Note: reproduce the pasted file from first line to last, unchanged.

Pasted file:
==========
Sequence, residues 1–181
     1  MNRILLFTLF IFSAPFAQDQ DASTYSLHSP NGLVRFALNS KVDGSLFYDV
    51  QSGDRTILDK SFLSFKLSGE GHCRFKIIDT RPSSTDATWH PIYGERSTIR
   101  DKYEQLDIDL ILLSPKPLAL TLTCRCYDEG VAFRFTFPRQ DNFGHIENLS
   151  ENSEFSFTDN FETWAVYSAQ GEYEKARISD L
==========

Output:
Sequence, residues 1–181
     1  MNRILLFTLF IFSAPFAQDQ DASTYSLHSP NGLVRFALNS KVDGSLFYDV
    51  QSGDRTILDK SFLSFKLSGE GHCRFKIIDT RPSSTDATWH PIYGERSTIR
   101  DKYEQLDIDL ILLSPKPLAL TLTCRCYDEG VAFRFTFPRQ DNFGHIENLS
   151  ENSEFSFTDN FETWAVYSAQ GEYEKARISD L